Monday, June 10, 2013

Your assignment this summer: Read something good

The vast majority of our summer reading section is up and ready! Each year Brookline Public Schools creates an extensive list of required books by school and recommended books by grade, and we turn that list into a highly categorized section of the store. (A few schools are still deciding on their required titles; feel free to give us a call to find out whether your school's titles are available yet. In the meantime, in addition to the Brookline list, we do have a small section for the Boston Latin list.)

Here's the thing: It's a pretty amazing list. What I love is its acknowledgement that, at any age, there are many ways into reading and all of them are worth encouraging. Each age group has about 8-10 categories, everything from "Out of This World: Fantasy and Science Fiction" to "Too Good to Miss: Classics" to
Get Real! Nonfiction" to "Play Ball! Sports Books" to "A Way with Words: Poetry" to "Just for Fun: Humor" to "Take a Look: Picture Books for Older Readers" (which often includes graphic novels). The pre-k and kindergarten list includes beginning reading books, but it also includes alphabet and counting books. The first and second grade list has chapter books, but also books that are easier to read. There's a "Listen Up! Books for Families to Read Aloud" category at many levels. The seventh and eighth grade and high school lists include popular YA as well as plenty of adult fiction and nonfiction.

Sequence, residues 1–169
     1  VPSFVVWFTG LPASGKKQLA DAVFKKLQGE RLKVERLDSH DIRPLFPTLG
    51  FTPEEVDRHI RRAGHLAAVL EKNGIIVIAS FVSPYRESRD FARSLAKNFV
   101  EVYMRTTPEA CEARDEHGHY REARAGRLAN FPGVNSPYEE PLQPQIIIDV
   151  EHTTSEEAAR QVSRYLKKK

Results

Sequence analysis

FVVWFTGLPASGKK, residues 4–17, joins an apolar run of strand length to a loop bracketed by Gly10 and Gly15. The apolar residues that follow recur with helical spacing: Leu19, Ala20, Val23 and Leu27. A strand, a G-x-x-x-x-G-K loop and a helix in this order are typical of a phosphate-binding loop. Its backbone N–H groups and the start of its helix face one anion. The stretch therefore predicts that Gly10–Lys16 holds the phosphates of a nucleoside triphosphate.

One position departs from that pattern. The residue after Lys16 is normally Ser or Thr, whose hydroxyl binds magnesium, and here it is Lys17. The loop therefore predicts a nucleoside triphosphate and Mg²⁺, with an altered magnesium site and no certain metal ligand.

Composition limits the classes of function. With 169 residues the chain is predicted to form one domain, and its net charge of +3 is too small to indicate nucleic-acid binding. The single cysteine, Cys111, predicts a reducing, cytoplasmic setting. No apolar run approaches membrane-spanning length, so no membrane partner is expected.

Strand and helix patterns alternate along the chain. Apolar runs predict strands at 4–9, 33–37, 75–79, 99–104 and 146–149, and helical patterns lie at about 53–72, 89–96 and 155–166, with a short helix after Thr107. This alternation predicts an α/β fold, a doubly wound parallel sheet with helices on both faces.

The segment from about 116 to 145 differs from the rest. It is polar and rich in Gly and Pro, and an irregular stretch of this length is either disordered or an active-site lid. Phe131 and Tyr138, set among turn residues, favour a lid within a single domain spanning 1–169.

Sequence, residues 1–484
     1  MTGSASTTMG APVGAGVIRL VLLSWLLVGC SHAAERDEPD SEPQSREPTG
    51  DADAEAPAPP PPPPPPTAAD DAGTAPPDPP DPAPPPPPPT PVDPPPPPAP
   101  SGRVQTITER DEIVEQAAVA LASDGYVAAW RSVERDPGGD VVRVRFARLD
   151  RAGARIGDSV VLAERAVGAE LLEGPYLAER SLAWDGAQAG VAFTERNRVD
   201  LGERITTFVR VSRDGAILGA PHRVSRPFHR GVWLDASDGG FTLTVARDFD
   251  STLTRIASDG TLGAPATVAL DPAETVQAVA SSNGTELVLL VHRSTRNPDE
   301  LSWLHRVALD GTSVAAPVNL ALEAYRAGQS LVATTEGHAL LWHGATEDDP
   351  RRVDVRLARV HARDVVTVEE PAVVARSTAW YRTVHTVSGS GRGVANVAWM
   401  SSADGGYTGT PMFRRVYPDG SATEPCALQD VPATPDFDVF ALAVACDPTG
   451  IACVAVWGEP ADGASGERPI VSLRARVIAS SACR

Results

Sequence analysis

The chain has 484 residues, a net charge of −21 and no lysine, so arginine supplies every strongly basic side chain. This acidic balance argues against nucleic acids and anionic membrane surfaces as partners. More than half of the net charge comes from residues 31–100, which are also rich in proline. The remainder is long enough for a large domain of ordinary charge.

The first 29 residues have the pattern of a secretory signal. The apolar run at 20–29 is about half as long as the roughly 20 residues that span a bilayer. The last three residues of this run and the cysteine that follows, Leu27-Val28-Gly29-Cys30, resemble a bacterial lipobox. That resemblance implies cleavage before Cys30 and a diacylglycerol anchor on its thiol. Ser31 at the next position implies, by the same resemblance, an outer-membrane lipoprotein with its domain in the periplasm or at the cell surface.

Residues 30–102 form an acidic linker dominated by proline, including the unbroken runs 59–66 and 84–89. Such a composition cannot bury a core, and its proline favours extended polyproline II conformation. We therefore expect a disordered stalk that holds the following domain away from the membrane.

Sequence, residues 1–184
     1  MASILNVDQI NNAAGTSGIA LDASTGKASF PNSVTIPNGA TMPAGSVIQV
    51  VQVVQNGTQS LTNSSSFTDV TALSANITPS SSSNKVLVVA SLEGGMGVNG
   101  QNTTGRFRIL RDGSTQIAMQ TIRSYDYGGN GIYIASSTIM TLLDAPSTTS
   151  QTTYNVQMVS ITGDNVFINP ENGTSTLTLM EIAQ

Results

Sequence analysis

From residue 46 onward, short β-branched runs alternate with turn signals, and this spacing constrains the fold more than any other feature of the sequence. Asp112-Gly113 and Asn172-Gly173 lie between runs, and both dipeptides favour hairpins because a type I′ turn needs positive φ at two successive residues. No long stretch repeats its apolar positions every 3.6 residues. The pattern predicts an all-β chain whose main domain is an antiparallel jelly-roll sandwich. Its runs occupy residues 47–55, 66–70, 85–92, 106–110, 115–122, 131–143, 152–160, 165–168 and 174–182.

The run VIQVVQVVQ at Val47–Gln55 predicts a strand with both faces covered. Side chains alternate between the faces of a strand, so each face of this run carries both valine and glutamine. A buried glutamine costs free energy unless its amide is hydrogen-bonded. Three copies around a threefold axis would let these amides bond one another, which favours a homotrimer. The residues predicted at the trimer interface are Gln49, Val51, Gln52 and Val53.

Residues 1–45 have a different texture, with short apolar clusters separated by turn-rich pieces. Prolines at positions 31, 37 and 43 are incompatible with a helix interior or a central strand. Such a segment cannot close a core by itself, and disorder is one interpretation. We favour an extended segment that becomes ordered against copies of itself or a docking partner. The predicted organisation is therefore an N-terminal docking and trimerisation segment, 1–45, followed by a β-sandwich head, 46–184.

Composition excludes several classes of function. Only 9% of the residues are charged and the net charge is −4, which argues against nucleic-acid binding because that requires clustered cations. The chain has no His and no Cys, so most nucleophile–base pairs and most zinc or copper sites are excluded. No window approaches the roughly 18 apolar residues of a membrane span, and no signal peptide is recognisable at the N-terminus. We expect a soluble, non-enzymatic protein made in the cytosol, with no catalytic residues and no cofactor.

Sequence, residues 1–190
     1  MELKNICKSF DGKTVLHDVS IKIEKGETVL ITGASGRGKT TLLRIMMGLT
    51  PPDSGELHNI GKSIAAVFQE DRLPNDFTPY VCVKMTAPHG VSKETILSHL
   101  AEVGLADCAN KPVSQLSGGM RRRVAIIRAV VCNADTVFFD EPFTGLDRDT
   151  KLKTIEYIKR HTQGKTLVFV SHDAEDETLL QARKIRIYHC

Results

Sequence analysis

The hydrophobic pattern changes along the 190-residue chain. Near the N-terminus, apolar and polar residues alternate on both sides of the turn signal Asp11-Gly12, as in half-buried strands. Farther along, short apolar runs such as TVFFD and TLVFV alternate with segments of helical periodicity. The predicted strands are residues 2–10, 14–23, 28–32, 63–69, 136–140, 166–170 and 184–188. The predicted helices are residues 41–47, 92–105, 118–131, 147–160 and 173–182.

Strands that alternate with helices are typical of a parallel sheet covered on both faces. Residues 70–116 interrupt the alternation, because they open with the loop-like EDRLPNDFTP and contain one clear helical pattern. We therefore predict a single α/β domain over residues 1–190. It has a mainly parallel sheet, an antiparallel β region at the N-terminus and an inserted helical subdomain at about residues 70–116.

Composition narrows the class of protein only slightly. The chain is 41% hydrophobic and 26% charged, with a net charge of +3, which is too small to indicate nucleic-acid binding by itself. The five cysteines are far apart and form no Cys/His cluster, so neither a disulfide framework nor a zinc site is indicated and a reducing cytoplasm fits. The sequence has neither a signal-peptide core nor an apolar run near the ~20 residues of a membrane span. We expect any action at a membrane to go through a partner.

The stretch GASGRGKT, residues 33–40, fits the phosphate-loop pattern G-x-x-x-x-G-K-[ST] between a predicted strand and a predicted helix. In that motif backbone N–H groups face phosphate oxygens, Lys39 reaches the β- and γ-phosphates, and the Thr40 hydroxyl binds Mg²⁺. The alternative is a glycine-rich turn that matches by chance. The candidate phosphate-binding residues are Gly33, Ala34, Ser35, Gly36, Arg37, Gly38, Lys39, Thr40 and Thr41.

Not all schools have required titles for all grades, but the books that are required carry the same spirit: reading is supposed to be fun. Andrew Clements, the master of the funny school story, keeps popping up. That's not to say the books aren't thoughtful or that horizons won't be expanded - you try reading Gary Schmidt's Okay for Now or Deborah Ellis' The Breadwinner without learning something - but by and large, these are also accessible books, the kind that make it easy to make friends with the characters. They're books that many kids won't mind reading on summer car trips or in their bunks at camp. They might even get passed around.

Come browse the summer reading section. Even if you don't have a Brookline student in the family. It's got something for everyone.

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